“Uh-huh.” He made sure to brush his lips lightly against that spot just beneath her ear. The one he knew that melted her bones away. “I’ll start pulling files,” he said. “And taking the animals to an examining room. You man the desk.”
“No, we should switch that,” she said. “I can do the preliminaries in the exam room and speed things along for Dell.”
His eyes never left hers. “Yes, but that would leave me behind this desk.”
Which he was clearly hoping to avoid at all costs. “It would,” she agreed, and smiled.
He arched a brow. “You’d throw me to the wolves?”
She turned and eyed the waiting room. Mostly women, looking Brady over in various degrees of interest, from hunger to outright lust. “Poor baby. Must be tough, having all these women want you.”
“And how about you?” he murmured in her ear, taking a quick nip out of it. “You want me?”
Always . . .
If anyone happened to look over at them it would appear as if they were both intently studying the computer screen—which had gone into save energy mode and was running through a slide show of Belle Haven’s animal patients.
Brady’s pictures, actually, from the past month. They were great shots, but Lilah wasn’t absorbing a single one because Brady was whispering a lurid suggestion in her ear, which made her both gasp and weak at the knees.
Forcing herself out of the chair, she avoided Brady’s hot, knowing eyes. She grabbed the sign-in sheet and called the first name. “Toby?”
Shelly and Toby stood up.
Lilah turned to Brady, who wasn’t saying a word, just watching her. The lion keeping its eyes on the prize. “Pull the file and bring it into me?” she asked.
Looking both hungry and amused, he turned to the files. Her last view of him was of his fine ass when he bent to the bottom drawer.
In the exam room, Shelly fanned herself. “Damn, Dr. Death is hot.”
“That’s the general consensus,” Lilah murmured, resisting the urge to fan herself as well.
“And your consensus?” Shelly asked slyly.
Lilah sighed. “Same as yours,” she admitted, and turned to go get Dell but instead came face-to-face with Brady, who stood in the doorway, holding the file, eyes unreadable. She bit her lower lip and flashed him a quick smile.
He didn’t return it, but the very corners of his mouth quirked slightly and his eyes promised retribution. Which worked for her, because she’d learned she really liked his forms of retribution.
It was two very busy hours later before there was any sort of breather. Lilah finally dropped into a chair beside Brady at the front desk. “And I thought my life was crazy.”
“Your life is crazy.” He got to his feet.“Where are you going?”
He gestured to the waiting room, which was blessedly empty. “Things are under control again.”
“Yes, but I have to get back to the kennels.”
“No you don’t. Cruz is there.” He let out a breath. “I have to go.”
“I mean I have to go, Lilah.”
Oh. Oh, damn. She’d managed to work her denial up good, almost forgetting this fact. Slowly she rose to her feet, unable to sit while facing this. “You’re leaving right now?”
His eyes said it all.
“But how can they expect you to just up and go at a phone call?”
“That’s my job, Lilah. Pilot for hire. I go when the call comes.”
Legs wobbly, she plopped back into the chair and put a hand to her aching heart. This isn’t about you, Lilah. “Tell me.”
“I’m needed in Africa by the end of the week. And I have to go to L.A. first.”
She let out a purposeful breath and tried to shake her head, but her body felt locked up tight. “Don’t be. You were up front and honest with me. You weren’t meant for a home base or growing roots. I’ve always known that.” Listen to her, how mature. Even as she thought it, her eyes filled.
“Lilah,” he whispered softly. “Don’t.”
“I’m not.” She shook her head and was proud of her smile. She stood and went up on tiptoe to set her hand on his chest, brushing a kiss over his mouth.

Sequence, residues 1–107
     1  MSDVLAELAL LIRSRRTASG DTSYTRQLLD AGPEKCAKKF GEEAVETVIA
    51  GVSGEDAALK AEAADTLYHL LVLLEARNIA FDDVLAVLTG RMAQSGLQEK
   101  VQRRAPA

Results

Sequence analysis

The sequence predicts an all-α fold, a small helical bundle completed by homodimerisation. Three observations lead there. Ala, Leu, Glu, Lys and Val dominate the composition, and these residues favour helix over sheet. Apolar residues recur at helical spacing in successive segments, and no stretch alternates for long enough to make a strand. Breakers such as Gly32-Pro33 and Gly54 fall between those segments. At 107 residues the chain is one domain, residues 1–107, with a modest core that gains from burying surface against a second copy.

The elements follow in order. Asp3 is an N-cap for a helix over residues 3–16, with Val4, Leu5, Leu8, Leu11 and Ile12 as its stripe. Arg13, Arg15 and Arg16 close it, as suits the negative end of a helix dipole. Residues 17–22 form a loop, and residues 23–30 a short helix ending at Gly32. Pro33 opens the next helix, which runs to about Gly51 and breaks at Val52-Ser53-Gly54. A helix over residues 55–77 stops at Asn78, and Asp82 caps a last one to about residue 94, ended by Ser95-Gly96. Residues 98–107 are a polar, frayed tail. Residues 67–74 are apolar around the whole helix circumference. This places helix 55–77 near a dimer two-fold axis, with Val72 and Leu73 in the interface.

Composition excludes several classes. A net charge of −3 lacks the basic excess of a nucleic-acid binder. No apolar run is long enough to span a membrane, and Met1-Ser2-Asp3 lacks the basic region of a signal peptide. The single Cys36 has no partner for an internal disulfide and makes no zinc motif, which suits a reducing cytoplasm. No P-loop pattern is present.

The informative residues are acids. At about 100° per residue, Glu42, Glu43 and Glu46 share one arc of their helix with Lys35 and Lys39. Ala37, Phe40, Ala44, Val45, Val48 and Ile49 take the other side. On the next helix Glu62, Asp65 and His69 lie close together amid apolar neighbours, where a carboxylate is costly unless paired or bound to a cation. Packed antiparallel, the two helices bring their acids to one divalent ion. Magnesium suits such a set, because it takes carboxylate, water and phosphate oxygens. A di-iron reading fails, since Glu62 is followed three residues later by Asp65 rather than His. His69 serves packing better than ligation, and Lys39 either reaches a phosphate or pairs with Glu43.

His lips were set to grim, but she knew they could soften in a smile when he chose or drive her straight to heaven without passing Go!
What they couldn’t do, however, was tell her everything was going to be okay.
Because it wasn’t.
She didn’t feel like she’d ever be okay again.
Since packing wasn’t an issue—Brady had never really unpacked—he went to Smitty’s and tuned up the Bell 47 even though it was running perfectly and didn’t need to be tuned up. He didn’t want whomever Dell and Adam hired to have any problems. He was still sitting in the pilot’s seat tinkering with the Bell’s instrument panel when he heard footsteps. Something in his chest kicked hard, but as much as he’d hoped otherwise, it wasn’t Lilah coming his way.
“We’re not replacing you.”He turned to face Dell and Adam, who boarded looking unusually serious. Well, Adam always looked serious, but there wasn’t so much as a glimmer of a smile on Dell’s usually good-humored, affable face.
Brady shook his head. “You spent a lot of money for me to fix up the Bell. You’ve had an average of three calls a week where it’s beneficial to take it up. Any of the pilots housed out of here or Coeur d’ Alene would be happy to hire on and fly for you.”
“Sure,” Adam said. “And we’ll use them as needed. But we’re not hiring anyone on full-time.”
“You guys want and need a third partner. You’re overworked, you need—”
“You,” Dell said.
Brady shoved his fingers through his hair and stared at them, frustrated at all the unexpected things he was feeling at leaving. “This was always going to be temporary.” How many times had he said that in the last day?
“It could stay temporary,” Dell said, “if that’s what your pansy ass needs. A word. A f**king word to make it okay for you to use this place as a home base. Let’s call it temporary, then.”
“He’s going to do what he has to do, Dell,” Adam said quietly. “He’s—”
Running footsteps sounded, and again Brady’s heart kicked. Because this time it was Lilah.
She came rushing up to the opened door of the Bell, her cheeks flushed, out of breath. When she saw Brady, she put her hand to her chest and sagged, out of breath. “I thought—I heard the engine start—I was afraid you’d left.”
“Not yet,” Adam said and turned to her, brushing a kiss to her jaw, giving her a quick squeeze. With one last long look at Brady, he left.
Dell came forward and hugged Brady, slapping him on the back. “I’ll miss you, you chickenshit bastard. Be safe up there.” Dell looked at Lilah, and then he was gone, too, leaving the two of them alone.